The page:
Washington Nationals' batter Stephen Strasburg singles and gets an RBI in the fifth inning in Miami

Stephen Strasburg can hit, too


Stephen Strasburg turned in another dominant start yesterday, shutting out the Marlins for six innings to improve to 10-4 with a 2.66 ERA and league-leading 135 strikeouts, and also went 1-for-1 with a walk and an RBI single at the plate.

Strasburg was a typical terrible-hitting pitcher in his first two seasons, going 1-for-26 with 10 strikeouts, but this season has been a completely different story. He’s now 10-for-26 (.385) with one homer, four doubles, and two walks, which is good for a .448 on-base percentage and .654 slugging percentage.

Seriously, the guy has a 1.102 OPS in 31 plate appearances after coming into the season 1-for-26. Among actual hitters Andrew McCutchen leads the National League with a 1.074 OPS.

Joe Girardi is not a fan of Game 162 scheduling

Joe Girardi
Getty Images

The Yankees fell behind early to the Orioles on Sunday afternoon, a day after dropping both ends of Saturday’s doubleheader. Their game, as did every other game on Sunday with the exception of the Braves-Cardinals doubleheader, started at 3:05 or 3:10 EDT, a change Major League Baseball recently made to create fairness on the final day of the season.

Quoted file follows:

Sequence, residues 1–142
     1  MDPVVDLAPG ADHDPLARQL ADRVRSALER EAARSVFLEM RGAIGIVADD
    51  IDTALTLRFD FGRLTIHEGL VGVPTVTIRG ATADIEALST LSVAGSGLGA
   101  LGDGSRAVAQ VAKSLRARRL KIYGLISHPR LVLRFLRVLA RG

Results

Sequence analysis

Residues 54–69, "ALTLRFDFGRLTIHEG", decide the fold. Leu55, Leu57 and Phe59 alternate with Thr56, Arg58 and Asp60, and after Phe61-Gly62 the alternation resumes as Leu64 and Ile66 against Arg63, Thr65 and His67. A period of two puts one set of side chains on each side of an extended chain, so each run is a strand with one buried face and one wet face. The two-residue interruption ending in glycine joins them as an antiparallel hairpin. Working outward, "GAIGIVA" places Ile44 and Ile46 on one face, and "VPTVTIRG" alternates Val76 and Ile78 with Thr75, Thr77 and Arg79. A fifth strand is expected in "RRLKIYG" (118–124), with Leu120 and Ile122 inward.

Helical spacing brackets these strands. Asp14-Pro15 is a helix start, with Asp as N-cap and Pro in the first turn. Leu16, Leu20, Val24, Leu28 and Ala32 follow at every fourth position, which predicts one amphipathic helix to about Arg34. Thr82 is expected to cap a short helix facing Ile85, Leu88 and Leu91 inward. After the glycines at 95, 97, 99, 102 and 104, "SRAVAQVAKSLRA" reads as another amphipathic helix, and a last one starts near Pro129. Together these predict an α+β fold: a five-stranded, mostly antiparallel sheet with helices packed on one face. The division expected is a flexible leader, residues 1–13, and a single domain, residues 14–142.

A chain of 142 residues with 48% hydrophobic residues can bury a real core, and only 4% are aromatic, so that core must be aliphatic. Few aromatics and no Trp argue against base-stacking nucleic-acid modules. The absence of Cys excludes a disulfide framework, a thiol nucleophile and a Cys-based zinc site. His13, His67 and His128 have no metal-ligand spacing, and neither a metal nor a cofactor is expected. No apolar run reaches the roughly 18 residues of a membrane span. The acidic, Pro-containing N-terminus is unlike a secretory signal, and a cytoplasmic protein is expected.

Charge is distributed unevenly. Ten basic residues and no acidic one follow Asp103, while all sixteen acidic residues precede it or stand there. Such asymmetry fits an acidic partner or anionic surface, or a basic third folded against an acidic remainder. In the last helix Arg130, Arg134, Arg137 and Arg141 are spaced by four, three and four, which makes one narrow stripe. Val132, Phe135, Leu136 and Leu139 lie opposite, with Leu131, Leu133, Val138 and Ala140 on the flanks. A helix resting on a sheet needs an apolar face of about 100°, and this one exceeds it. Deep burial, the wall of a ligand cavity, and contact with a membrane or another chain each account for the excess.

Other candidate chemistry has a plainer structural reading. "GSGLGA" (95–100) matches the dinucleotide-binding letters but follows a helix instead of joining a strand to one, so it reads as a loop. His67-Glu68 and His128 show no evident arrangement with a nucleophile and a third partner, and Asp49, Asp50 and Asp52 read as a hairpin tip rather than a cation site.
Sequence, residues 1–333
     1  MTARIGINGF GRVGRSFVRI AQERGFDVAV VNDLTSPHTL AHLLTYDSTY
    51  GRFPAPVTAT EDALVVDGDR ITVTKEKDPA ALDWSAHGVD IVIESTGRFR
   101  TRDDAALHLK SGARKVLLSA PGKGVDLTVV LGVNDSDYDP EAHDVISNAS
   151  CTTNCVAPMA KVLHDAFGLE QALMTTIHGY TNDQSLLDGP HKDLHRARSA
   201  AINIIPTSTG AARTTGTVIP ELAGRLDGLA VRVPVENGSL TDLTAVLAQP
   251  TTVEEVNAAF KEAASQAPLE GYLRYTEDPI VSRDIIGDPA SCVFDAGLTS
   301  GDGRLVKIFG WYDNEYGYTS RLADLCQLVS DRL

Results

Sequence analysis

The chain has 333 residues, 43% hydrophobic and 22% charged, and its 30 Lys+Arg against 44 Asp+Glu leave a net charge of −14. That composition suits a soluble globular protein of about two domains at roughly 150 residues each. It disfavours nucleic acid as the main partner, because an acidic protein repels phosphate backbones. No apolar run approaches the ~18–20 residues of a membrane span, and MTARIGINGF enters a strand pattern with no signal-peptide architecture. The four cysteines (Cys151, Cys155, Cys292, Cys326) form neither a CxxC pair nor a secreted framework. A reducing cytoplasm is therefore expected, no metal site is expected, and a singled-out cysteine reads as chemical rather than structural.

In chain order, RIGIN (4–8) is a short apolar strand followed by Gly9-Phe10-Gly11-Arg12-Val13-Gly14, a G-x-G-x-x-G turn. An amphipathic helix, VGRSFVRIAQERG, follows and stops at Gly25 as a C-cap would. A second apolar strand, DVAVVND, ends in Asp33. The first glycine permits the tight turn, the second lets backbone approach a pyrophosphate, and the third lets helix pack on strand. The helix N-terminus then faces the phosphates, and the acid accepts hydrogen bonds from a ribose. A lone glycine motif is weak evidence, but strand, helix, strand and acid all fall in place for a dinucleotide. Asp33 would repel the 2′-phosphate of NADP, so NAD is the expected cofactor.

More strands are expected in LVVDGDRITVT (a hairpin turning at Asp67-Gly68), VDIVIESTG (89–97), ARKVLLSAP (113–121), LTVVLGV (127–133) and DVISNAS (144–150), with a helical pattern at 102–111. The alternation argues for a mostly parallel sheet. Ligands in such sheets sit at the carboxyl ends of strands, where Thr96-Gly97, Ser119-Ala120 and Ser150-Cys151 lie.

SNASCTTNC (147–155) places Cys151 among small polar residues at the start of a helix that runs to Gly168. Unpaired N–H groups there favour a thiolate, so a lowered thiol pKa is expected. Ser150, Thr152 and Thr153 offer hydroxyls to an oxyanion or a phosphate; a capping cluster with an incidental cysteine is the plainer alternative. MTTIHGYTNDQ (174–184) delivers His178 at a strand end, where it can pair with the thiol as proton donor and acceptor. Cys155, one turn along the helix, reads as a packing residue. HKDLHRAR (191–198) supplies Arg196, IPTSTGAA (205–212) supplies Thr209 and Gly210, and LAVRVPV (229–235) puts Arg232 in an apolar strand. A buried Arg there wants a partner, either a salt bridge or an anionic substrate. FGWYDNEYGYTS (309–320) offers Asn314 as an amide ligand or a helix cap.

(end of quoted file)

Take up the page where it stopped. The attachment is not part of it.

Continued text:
Girardi is not a fan. Per the Associated Press:

It was cloudy at Camden Yards at 3:05 p.m., but late-afternoon games often make it difficult for batters to see pitches.

Girardi said, “Here’s the thing that bothers me: If it’s a sunny day you’re playing in shadows.”

He added, “If it’s the most important game of the year to get in, I don’t think that’s right.”

Understanding the idea is for every team to play at the same time, Girardi said, “Then play all night games.”

One wonders if MLB had scheduled Sunday’s slate of games for the night, if Girardi would have instead complained about batters losing fly balls in the stadium lights. Furthermore, both teams have to play in the same conditions.

Video: Ichiro Suzuki pitches an inning for the Marlins

Ichiro Suzuki
AP Photo

Marlins outfielder Ichiro Suzuki was given an opportunity to play a new position in Sunday’s series finale against the Phillies. After the Phillies rallied to take a 6-2 lead in the seventh, the Marlins let Suzuki take the hill in the eighth. And, in news that surprises no one, he was impressive.

Though Suzuki gave up a run on two hits, he flashed a fastball that hit the mid-80’s and a breaking ball with some bite.

Suzuki, who turns 42 years old later this month, is 65 hits of 3,000 in his major league career. The Marlins are interested in bringing him back in 2016.